13 - Recording Muscle Contraction
|The process of contracting takes about 50 msec. Relaxation of the
fiber takes another 50-100 msec. Because the refractory period is so much shorter than the
time needed for contraction and relaxation, the fiber can be maintained in the contracted
state so long as it is stimulated frequently enough (e.g., 50 stimuli per second). Such
sustained contraction is called tetanus
The purpose of this lab was to record twitch and tetanus muscle contractions using the MacLab A/D converter and computer.
Misty herself then used the mobile electrode and probed the inner part of her forearm looking for stimulation, which indicates a motor point. A low voltage stimulus at 3/sec was applied while she did this. A motor point represents an area where the nerve supplying one of the finger flexor muscles dives into the muscle. Typically it takes a lower stimulating voltage to produce action potentials and contractions at these points.
Now comes the fun! Starting with a low stimulating voltage, she found a motor point where stimulation causes involuntary muscle contraction (barely perceptible recording). Then Dr Allen increased the voltage in small increments. The sizes of the single twitch contractions increased as more motor units are recruited. For a voltage (maximal stimulus) that gets every motor unit contracting you max out.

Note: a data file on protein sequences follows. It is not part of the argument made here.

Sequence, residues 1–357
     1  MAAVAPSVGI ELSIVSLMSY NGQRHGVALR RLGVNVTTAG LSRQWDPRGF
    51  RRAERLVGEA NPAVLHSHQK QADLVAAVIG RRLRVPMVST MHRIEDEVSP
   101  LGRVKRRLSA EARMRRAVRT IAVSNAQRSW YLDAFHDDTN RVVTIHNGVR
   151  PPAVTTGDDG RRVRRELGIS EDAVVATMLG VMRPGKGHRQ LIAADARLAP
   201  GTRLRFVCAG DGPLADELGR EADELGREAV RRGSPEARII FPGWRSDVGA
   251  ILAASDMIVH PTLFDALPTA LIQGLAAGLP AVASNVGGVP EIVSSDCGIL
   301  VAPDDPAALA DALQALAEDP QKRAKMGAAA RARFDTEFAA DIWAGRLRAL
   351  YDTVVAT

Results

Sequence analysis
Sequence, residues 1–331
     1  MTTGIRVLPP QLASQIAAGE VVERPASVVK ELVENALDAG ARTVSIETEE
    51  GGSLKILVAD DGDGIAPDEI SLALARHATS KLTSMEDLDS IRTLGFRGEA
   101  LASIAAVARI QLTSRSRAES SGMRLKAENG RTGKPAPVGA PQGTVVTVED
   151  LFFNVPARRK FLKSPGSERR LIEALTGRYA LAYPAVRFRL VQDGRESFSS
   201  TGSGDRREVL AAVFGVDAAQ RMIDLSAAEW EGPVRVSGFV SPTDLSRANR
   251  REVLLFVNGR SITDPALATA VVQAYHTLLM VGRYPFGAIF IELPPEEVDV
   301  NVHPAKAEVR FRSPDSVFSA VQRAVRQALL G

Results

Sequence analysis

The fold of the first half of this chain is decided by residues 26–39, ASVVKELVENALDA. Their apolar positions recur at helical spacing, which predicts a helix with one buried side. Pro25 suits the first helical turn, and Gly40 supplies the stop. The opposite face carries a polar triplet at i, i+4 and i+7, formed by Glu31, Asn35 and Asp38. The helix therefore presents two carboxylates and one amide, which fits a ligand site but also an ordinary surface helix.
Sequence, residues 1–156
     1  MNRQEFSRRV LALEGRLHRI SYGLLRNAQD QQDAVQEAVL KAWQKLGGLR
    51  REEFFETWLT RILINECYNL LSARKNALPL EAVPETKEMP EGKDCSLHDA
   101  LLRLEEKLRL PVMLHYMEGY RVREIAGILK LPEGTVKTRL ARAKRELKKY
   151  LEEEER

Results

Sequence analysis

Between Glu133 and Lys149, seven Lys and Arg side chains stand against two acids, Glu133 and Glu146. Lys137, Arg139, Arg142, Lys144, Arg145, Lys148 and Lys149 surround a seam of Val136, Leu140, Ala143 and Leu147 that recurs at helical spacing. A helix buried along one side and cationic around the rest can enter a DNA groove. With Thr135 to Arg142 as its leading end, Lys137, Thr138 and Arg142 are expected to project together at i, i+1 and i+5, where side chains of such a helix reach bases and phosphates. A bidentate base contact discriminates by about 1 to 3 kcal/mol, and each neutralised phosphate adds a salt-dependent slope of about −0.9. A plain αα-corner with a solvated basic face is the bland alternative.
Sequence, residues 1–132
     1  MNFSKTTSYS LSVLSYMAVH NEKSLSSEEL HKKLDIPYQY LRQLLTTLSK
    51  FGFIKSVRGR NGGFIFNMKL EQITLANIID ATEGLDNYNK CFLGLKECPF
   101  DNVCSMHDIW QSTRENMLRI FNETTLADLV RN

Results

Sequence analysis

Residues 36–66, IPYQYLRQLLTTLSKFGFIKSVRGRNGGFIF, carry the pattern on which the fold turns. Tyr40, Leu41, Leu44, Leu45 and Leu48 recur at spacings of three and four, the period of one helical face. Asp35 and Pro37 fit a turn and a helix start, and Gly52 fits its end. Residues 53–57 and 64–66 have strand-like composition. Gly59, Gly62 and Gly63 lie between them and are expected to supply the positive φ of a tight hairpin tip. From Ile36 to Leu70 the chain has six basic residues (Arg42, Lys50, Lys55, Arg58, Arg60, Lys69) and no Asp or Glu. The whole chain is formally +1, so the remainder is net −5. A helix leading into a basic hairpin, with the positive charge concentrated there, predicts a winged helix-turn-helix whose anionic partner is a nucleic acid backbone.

Two maximal stimuli in short sequence were then applied. If you apply them closely together in time you should be able to see summation.
Next the stimulus frequency was increased to 10/sec, forming incomplete tetanus.
Then up to 25 simuli/sec, complete tetanus. There were larger contractile responses than there were with the single twitch responses.
When shocks were given at 3/sec, the muscle responded with a single twitch. At 5/sec and 10/sec, the individual twitches begin to fuse together, a phenomenon called incomplete tetanus. At 25 shocks per second, the muscle goes into the smooth, sustained contraction of tetanus.
Incomplete tetanus and tetanus are possible because the refractory period is much briefer than the time needed to complete a cycle of contraction and relaxation. Note that the amount of contraction is greater in incomplete tetanus and tetanus than it is in a single twitch.